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1,5-Anhydroglucitol, an indicator of short term glycaemic control, is the most discriminatory metabolomic marker in adolescents with type 1 diabetes compared to control subjects

  • 1, 2, 3,
  • 4,
  • 4,
  • 2,
  • 4 and
  • 5
International Journal of Pediatric Endocrinology20152015 (Suppl 1) :P2

https://doi.org/10.1186/1687-9856-2015-S1-P2

  • Published:

Keywords

  • Fatty Acid Methyl Ester
  • Polyol
  • Glycaemic Control
  • Postprandial Hyperglycaemia
  • Metabolomic Profile

Aim

To compare the metabolomic profile of adolescents with T1D (≥5 years duration) to controls using gas chromatography–mass spectrometry (GC-MS).

Methods

Design Case control study. Setting Tertiary paediatric hospital clinic. Population 27 (14F/13M) adolescents with T1D (age (median, interquartile range) 15.5, 14.7-16.4 years; duration 7.7; 6.0-11.8 years; HbA1c 9.1, 8.1-10.1%); glucose 13.35 (7.60-17.85) and 27 (14F/13M) control participants (age 15.1, 14.4-16.8 years). BMI was <95th percentile. Measures Fasting plasma and urine metabolomes were profiled by GC-MS and compared between cohorts. Statistics Univariate comparisons:-Spearman correlations, t-tests/Wilcoxon rank sum tests. Multivariate comparisons:-PCA, OPLS-DA and OPLS.

Results

For GC-MS (plasma and urine), the molecule most influential in separating the two groups was identified as 1,5-anhydroglucitol (1,5-AG) a metabolically inert polyol that is a short-term marker of glycaemic control (7-14 days). It competes with glucose for reabsorption in the kidneys. Otherwise stable levels of 1,5-AG are rapidly depleted as blood glucose levels exceed the renal threshold for glycosuria. 1,5-AG was more influential on group classification than fasting glucose or HbA1c.

Multivariate regression modelling of the plasma data (glucose signals removed) was performed against glucose and HbA1c groups (glucose:4.2-5.4mmol/L, 5.3-9.9mol/L, 11.0-36.7mmol/L; HbA1c:4.7-6.0%, 7.3-9.2%, 9.9-15.4%). Three distinct groups emerged for each variable indicating clear metabolomic differences.

Conclusion

Metabolomic profiling was feasible in this context. GC-MS revealed a “marker” distinguishing the two groups without any bias for or targeting of the analyte. The metabolic profile of the adolescents with diabetes appears to be most influenced by short-term (7-14days) hyperglycaemia. The planned GC-MS fatty acid methyl ester (FAME) analysis and Liquid Chromatography-MS will reduce inherent interference by glucose and provide a more comprehensive coverage of the metabolome.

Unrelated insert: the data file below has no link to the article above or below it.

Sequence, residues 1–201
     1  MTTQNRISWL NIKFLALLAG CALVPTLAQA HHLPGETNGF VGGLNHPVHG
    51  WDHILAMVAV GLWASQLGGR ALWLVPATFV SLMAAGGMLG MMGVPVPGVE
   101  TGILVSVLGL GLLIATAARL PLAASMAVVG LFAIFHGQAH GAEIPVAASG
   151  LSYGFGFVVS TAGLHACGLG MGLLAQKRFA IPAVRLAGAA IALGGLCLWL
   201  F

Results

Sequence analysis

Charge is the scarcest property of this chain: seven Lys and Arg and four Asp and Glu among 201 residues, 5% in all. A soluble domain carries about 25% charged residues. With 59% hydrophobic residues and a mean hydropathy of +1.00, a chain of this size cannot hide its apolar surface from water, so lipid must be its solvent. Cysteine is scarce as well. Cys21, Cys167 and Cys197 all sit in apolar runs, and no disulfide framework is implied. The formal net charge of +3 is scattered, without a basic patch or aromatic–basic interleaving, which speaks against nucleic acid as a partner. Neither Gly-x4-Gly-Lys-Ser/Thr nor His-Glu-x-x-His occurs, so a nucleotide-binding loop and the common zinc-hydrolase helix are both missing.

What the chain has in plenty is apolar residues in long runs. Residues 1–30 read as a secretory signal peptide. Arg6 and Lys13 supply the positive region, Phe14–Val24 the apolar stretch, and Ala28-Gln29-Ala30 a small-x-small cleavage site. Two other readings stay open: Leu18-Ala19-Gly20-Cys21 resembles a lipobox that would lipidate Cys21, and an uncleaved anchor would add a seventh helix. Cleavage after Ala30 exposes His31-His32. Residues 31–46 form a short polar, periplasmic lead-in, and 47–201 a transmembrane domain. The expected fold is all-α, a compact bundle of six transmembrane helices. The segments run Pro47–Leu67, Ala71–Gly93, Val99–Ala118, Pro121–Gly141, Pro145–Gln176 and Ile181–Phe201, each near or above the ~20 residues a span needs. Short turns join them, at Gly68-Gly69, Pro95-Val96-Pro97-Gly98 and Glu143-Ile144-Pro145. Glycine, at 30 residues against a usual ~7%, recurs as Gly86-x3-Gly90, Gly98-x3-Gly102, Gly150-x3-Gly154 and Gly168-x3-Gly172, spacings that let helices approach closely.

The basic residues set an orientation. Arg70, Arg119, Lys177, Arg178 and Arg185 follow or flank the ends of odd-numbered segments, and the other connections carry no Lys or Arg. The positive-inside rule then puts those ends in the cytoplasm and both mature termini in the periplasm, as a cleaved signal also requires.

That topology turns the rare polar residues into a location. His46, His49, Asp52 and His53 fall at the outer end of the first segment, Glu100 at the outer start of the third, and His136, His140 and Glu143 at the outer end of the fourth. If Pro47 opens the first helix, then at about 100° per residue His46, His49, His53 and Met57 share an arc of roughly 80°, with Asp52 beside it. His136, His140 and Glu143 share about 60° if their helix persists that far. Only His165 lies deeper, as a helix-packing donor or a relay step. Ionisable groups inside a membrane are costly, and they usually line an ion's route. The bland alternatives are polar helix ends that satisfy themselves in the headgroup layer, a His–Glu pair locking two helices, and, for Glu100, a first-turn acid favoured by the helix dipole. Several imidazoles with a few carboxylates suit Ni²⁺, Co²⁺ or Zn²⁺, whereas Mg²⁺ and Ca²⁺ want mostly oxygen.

A 1,5-AG blood assay (GlycoMark) is not yet routinely available in pathology laboratories in Australia. Due to discussions following this study, it may shortly become available. Its particular utility is to assess recent glycaemic control and suggest unrecognised postprandial hyperglycaemia in moderately-controlled (HbA1c 6.5-8%) patients.

Authors’ Affiliations

(1)
Department of Endocrinology and Diabetes, Royal Children’s Hospital, Brisbane, QLD, Australia
(2)
Queensland Children’s Medical Research Institute, University of Queensland, Brisbane, QLD, Australia
(3)
School of Medicine, University of Queensland, Brisbane, QLD, Australia
(4)
Metabolomics Australia, Australian Institute for Bioengineering and Nanotechnology, Brisbane, QLD, Australia
(5)
Department of Endocrinology and Diabetes, Mater Children’s Hospital, Brisbane, QLD, Australia

Copyright

© Conwell et al; licensee BioMed Central Ltd. 2015

This article is published under license to BioMed Central Ltd. This is an Open Access article distributed under the terms of the Creative Commons Attribution License (http://creativecommons.org/licenses/by/4.0), which permits unrestricted use, distribution, and reproduction in any medium, provided the original work is properly cited. The Creative Commons Public Domain Dedication waiver (http://creativecommons.org/publicdomain/zero/1.0/) applies to the data made available in this article, unless otherwise stated.

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